Amazon delivers packages. Can it deliver better healthcare?
The stock market believes they can. The market responded to the announcement that Amazon, J.P. Morgan Chase, and Berkshire Hathaway would enter the healthcare insurance business by selling off healthcare stocks.
But just because Jeff Bezos, Jamie Dimon, and Warren Buffet want to work together to lower healthcare insurance costs, doesn’t mean they will solve the complex system of healthcare delivery. Many others have tried before.
Robert Laszewski, insurance industry analyst, recalls similar efforts in the early 1990s by leading employers in the Minneapolis-St. Paul market. That effort failed and he believes this one will, too.
To put this into perspective, Amazon, J.P. Morgan Chase and Berkshire Hathaway employ a little over one million people. That’s a lot of employees, but it’s only about the same number of covered lives as Blue Cross Blue Shield covers in Rhode Island and Delaware. Laszewski doesn’t see this as enough to make a real impact.
These industry titans believe they can change the status quo through improved data. No doubt they have used data effectively in their businesses. But Laszewski says by comparison, UnitedHealth, through its Optum data technology subsidiary, has detailed health care utilization information on over 115 million consumers, four out of five hospitals, 67,000 pharmacies, 100,000 physician practices, 300 health plans, and government agencies in 34 states and D.C.
Here is Laszewski’s prediction: “After a few years of high profile press releases and trade association presentations this one will end up in exactly the same place all of the others have. Nowhere.”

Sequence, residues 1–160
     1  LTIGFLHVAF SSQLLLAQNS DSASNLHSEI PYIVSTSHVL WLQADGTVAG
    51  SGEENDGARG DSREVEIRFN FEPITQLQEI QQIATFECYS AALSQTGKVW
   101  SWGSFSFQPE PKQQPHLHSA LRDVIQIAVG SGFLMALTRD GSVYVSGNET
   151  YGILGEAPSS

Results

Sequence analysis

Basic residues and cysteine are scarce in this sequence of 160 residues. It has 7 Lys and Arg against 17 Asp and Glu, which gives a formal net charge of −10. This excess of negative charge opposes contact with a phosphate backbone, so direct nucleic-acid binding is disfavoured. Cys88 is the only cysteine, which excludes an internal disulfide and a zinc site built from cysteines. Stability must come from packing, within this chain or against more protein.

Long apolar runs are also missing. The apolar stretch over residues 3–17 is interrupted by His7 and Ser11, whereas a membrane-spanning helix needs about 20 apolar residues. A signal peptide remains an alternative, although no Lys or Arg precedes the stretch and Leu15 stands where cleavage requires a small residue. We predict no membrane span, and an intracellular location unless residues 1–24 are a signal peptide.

The Wall Street Journal editorial board seems to be in agreement. “The new creation will represent hundreds of thousands of employees, which sounds like a lot but isn’t enough scale to change U.S. health care, and the question is how transformative this enterprise will aim to be, A brick wall of interest groups – hospitals, insurers, the AMA – will resist any change and make Uber’s fights with taxi cartels look like minor league ball.”
The press release says the group will form an “independent company that is free from profit-making incentives and constraints.” But WSJ says the problem isn’t profit. In fact, profit often is the incentive that drives innovations and cures for diseases. The fundamental problem is that the cost of a service is disconnected from underlying value. Patients don’t know the price of services and consume health care as if it’s free since government or employers are the third-party payers for most Americans.
Further evidence that profit isn’t the problem comes from looking at government-financed healthcare. The government doesn’t care about profit – and that’s part of the problem. They have no difficulty spending the taxpayer’s money – and still they can’t deliver quality healthcare!
Quality healthcare that doesn’t waste money will only come when healthcare spending is tied to the consumer’s pocketbook. When choosing the way you spend your healthcare dollars is just as much a part of your budget as what you spend on groceries, then we will see the cost of healthcare go down and the quality go up. Competition for those dollars will lower the cost of healthcare treatment and raise the quality – because that’s what competition does in every other business.